Something is occurring with respect to the recycling system in Spain. In a previous post we explained how the autonomous regions of Valencia, the Balearic Islands and Catalonia want to implement a new system of waste collection known as SDDR (Deposit, Refund and Return System) that coexists with the current recycling system known as SIG (Integrated Waste Management System).
The law concerning packaging that is current in Spain dates back to 1997 and allows the option to choose an SDDR or SIG. Two non-profit organisations came into being under this law, which are known by the majority of citizens, Ecoembes and Ecovidrio, who periodically collect used containers and waste from packaging, from the home of the consumer or close by. These containers must be identified with the corresponding symbol, which the consumer today recognises as the recycling symbol.
Ecoembes manages the economic contributions made by the companies that subscribe to SIG (known as the green point payment) and thanks to this cooperates with the various local and regional public administrations, making it possible for more than 46 million Spanish citizens to recycle the waste generated in their homes daily. Thus, Spain has 566,957 yellow and blue containers where citizens can deposit their waste packaging.
As most people know, in order to recycle the containers that are habitually used, we must first separate the material into the corresponding waste container according to the material that it is made of. Thus, plastic containers, cans and cartons go into the yellow container and paper and cardboard packaging goes into the blue container.
It should be pointed out that the companies pay these non-profit organisations according to the containers that they put into circulation. Consequently, and as is logical, a small or medium business does not pay the same as a large company. In the case of DIA Group, the company pays more than four and a half million Euros annually for its green point (Ecoembes).
The organisation, the strategic plan, the accounts and the business activity of Ecoembes are public and can be consulted on its website by any interested party. (Link goes here)
As can be seen there, DIA is currently represented on the Ecoembes board of directors. Also present on the board is the Spanish Federation of Food and Drink Industries, which represents more than 5,000 companies in the sector in Spain and other associations such as ANEP (National Association of PET Packaging) or ARPAL (Association for the Recycling of Aluminium). Here you can consult all their members. With complete transparency.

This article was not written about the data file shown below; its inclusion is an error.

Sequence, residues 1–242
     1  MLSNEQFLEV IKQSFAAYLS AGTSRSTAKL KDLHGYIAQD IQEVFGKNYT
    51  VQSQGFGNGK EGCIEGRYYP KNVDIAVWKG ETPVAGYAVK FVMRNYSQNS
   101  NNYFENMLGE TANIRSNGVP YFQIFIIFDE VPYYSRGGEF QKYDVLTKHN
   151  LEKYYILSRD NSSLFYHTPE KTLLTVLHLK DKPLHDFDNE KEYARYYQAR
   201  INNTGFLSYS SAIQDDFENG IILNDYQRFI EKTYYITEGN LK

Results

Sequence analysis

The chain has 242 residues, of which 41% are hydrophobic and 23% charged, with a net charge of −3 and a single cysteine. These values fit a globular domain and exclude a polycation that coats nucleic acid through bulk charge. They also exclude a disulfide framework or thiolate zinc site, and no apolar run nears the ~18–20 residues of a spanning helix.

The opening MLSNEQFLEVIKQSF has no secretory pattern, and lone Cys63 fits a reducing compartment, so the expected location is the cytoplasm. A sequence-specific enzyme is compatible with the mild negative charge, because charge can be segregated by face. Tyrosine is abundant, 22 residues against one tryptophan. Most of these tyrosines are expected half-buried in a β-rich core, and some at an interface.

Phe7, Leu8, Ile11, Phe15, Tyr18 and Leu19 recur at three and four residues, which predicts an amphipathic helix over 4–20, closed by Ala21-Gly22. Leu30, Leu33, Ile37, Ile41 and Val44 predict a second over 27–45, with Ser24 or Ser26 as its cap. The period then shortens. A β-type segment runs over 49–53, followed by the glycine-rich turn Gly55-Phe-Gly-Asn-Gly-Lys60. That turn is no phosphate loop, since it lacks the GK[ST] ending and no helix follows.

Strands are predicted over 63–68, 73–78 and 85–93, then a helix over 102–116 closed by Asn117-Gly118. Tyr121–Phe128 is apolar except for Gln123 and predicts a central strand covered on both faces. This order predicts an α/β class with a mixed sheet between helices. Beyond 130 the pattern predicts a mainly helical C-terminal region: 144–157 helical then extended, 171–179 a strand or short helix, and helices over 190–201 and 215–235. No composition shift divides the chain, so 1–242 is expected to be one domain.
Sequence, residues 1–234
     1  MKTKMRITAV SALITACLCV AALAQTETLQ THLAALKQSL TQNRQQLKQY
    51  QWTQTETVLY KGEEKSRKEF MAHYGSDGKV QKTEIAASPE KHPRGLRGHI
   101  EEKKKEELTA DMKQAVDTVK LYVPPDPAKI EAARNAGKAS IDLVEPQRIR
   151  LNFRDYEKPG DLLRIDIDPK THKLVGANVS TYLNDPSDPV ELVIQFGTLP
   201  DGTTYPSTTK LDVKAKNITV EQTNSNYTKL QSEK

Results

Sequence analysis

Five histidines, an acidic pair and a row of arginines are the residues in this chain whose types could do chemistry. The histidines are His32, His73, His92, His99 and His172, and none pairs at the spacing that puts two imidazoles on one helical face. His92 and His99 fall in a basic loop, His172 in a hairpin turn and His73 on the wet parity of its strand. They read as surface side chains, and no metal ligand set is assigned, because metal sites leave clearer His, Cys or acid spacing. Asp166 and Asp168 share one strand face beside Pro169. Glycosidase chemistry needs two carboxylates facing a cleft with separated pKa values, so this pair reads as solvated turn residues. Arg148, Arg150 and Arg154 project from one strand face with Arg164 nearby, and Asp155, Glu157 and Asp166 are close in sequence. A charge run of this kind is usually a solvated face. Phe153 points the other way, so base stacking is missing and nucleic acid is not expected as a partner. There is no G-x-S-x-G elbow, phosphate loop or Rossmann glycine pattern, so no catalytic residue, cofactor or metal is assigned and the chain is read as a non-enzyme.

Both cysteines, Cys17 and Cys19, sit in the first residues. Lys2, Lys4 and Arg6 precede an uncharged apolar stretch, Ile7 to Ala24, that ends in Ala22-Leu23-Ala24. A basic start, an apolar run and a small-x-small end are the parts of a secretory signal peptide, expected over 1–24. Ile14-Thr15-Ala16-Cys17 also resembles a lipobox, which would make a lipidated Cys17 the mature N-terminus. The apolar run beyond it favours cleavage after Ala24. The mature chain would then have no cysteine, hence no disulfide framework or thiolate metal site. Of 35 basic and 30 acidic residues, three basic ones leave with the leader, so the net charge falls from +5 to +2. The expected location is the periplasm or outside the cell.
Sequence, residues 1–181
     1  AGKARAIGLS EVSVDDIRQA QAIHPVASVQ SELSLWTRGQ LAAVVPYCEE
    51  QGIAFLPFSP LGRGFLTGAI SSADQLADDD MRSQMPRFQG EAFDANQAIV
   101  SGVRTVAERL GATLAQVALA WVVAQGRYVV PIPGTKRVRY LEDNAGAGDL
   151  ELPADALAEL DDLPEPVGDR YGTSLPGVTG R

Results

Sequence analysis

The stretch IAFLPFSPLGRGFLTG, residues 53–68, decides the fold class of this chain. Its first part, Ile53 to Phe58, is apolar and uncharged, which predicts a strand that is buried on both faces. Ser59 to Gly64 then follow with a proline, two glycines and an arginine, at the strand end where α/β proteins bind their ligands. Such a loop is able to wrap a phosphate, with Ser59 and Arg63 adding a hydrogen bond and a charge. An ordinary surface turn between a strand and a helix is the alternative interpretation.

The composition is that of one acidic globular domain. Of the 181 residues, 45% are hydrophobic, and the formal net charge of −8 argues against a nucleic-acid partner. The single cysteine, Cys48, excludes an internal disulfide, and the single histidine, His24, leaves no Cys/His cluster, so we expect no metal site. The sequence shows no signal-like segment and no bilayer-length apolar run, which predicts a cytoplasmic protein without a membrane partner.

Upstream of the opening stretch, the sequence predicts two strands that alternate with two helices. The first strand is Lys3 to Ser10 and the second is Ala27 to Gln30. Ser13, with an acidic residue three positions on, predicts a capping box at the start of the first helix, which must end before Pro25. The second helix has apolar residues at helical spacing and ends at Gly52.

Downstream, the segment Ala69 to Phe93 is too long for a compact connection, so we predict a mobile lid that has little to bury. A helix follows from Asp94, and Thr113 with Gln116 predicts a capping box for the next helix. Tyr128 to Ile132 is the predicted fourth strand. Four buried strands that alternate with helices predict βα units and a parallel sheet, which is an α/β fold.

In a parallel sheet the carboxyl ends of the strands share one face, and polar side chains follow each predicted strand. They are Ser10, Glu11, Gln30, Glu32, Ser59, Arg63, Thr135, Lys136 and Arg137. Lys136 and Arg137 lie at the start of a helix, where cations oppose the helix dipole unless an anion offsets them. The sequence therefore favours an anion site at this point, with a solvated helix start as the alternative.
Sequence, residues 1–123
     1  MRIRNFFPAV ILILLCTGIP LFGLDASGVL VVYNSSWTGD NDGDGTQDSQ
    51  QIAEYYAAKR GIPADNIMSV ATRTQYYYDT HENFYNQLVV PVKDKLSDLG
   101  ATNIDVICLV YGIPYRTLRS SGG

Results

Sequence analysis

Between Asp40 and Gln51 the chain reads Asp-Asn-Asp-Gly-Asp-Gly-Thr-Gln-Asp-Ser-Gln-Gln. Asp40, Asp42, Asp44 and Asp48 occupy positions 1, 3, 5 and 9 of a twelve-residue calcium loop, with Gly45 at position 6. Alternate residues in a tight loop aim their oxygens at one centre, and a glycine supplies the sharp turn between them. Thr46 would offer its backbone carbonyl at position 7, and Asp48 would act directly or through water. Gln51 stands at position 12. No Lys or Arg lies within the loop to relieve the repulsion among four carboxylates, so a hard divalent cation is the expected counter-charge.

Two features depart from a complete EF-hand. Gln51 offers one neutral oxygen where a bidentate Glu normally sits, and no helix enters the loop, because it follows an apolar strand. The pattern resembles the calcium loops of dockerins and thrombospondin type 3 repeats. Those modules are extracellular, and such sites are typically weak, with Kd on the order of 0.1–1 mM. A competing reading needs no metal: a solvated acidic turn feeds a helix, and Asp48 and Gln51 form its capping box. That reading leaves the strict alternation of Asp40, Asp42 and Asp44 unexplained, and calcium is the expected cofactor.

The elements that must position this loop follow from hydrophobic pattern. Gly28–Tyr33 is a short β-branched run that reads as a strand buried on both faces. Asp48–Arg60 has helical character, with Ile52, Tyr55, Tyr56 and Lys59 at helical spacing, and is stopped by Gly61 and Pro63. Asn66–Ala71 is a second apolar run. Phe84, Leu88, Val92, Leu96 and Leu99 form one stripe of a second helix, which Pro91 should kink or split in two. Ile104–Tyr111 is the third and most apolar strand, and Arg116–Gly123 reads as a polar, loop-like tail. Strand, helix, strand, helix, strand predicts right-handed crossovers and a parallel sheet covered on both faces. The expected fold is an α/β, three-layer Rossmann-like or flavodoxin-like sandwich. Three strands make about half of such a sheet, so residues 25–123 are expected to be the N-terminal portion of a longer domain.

After clearing up this point, we can move on to those involved in the new SDDR recycling system, which the respective authorities wish to implement in Valencia, the Balearic Islands and Catalonia. Here, the answers to the questions are somewhat more complicated.
As was already mentioned in the previous post, to put this system into operation it is planned to install collection machines with an average price of around 20,000 Euros in all businesses where the containers are sold, whether they are small or large companies. The consumer, who would have previously paid 10 cents more for these containers, would deposit them in this machine and the 10 cents would be refunded, provided the containers are in perfect condition and with the label intact.
The first question: who manufactures these machines and what does the system imply for them? The machines are manufactured by a Norwegian company called Tomra, which is inscribed in the Oslo Stock Exchange and has the market share in these recycling machines. Unlike Ecoembes and Ecovidrio, which are non-profit organisations created as the result of a law, behind the new system there is a single private company that must report its profits to the market. This is the reason why Tomra disclosed in its presentation of financial results in October 2016 that there was a significant market opportunity in Spain, which would involve the sale of 15,000 of its machines by 2018. (This can be seen on page 32 of its presentation). It goes without saying that there is nothing to object to in the legitimate business of the Norwegian company. The intention is to inform the citizen of who is behind the interests derived from the application of the SDDR.
Another question is: Who disseminates the advantages of the system?
The main promoter but not necessarily the only one, is Fundación Retorna. But, who is this? We cannot say much without the risk of being wrong. Unlike Ecoembes, Fundación Retorna does not reveal its organisation, or its accounts or its strategic plan, or who is on its Board, thus more than the twenty organisations that support it, there is not much that can be known.
One of the arguments that Retorna uses on its website in defence of this model, is its existence in Germany, where it coexists with its usual coloured container system. Nothing is mentioned of other countries such as Holland, where after being approved, it was decided to withdraw the system due to not being viable. No details are provided regarding the costs of implementation of this model in Germany. Who would pay for this in Spain? How would small catering companies and shops fund these machines and their installation?
The Director of Expra, which is the non-profit organisation that governs the container and packaging recovery systems in Germany, recently explained in an interview with the El Mundo newspaper his vision regarding this system that is already in operation in this country. In his opinion, the interests related to the SDDR are more economical than environmental, adding that the new system is objectively more expensive.
Consequently, why don’t we improve the current system that we already have and reject a model that can only process 9% of containers.